Having been a patent examiner and a patent prosecutor before started practicing exclusively as a litigator for the past decade, I offer you the following advice:
(1) Never hire a cheap patent agent/attorney. Treat it like you are looking for a co-founder. Creativity, not regurgitation, is what you should pursue in patent drafting. Any qualified patent attorneys can regurgitate what you have invented or written in your white papers. The challenge lies in the attorney's keen ability to envision nuances in your space and provide enough written support and disclosures to cover them. This skillset is even more critical if the relevant space is over-crowded with competing inventions and obvious variations. A well-written patent, therefore, is one that could carry you through the next 20 years of technological advances; one that doesn't become obsolete before you pay your first maintenance fee. There's little incentive to pursue a short-stint or "stale" patent; the cost-benefit analysis simply doesn't add up. What most applicants desire is a patent that would still be relevant in that space now and decades beyond. With a low budget, a patent attorney has little incentive to help you conceive all of such nuances. Most patent attorneys work under the billable hour structure. The proverbial best-bang-for-the-buck model does not work in the patent space.
(2) Never draft the patent application yourself.76% of the pro-se applications become abandoned before issuance (compared to 35% of "represented" applications). This invalidation rate is even higher, actually much higher, for patents written by non-patent lawyers. I could not recall a patent written by a pro-se applicant who has successfully survived patent litigation. A poorly drafted application might put a dent on your bank account in the short term, but a poorly drafted patent could cause collateral damage to even a well-run business for years to come.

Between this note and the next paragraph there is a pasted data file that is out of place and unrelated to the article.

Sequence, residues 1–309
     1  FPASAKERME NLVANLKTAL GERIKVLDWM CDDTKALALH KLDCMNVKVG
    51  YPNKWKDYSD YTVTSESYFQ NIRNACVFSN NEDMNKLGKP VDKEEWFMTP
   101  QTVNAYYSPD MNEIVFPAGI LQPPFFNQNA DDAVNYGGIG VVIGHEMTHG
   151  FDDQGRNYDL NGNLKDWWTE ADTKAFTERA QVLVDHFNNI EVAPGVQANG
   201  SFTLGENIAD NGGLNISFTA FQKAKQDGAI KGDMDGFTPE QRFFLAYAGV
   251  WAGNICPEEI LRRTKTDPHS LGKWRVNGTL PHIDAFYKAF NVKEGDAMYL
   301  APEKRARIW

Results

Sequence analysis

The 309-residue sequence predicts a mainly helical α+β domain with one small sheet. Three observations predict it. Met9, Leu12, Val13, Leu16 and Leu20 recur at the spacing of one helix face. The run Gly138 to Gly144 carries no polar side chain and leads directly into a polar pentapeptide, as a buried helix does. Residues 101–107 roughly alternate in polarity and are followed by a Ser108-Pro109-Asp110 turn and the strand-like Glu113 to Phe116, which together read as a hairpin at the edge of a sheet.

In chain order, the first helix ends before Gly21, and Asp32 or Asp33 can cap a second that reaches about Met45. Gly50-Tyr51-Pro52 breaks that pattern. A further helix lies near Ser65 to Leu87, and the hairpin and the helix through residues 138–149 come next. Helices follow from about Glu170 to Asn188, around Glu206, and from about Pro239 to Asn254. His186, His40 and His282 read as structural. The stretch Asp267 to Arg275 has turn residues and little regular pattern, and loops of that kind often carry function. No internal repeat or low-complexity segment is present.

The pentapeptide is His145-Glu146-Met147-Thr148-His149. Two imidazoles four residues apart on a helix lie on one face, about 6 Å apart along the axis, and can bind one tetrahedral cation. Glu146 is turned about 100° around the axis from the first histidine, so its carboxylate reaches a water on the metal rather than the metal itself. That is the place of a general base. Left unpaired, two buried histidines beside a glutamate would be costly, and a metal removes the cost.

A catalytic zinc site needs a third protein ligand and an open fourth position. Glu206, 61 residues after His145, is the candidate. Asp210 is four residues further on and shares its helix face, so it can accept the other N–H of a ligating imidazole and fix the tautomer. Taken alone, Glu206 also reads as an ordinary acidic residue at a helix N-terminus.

3) Provisional application is strategically useful and commercially advantageous if and only if it offers complete and unequivocal written support for the subsequent utility application. Otherwise, the provisional application is effectively meaningless (as it provides no legal recourse for you should the priority date be challenged). Most well-executed companies and businesses generally approach the provisional application in the same way as a utility application (i.e., draft it with a full-blown spec, figures, and a set of claims). This particular approach ensures that there's little to no dispute in litigation as to the written support for the patent disclosures. If your intent is to file a provisional application with some kind of hand-sketched, chicken scratch diagrams or description, please let me counsel you against doing so. Patent examiners are highly trained on spotting priority issues. Knocking your priority down gives them a bigger universe of prior art. A poorly drafted provisional gives you no leverage during prosecution. In that case, you should consider filing a utility right off the bat.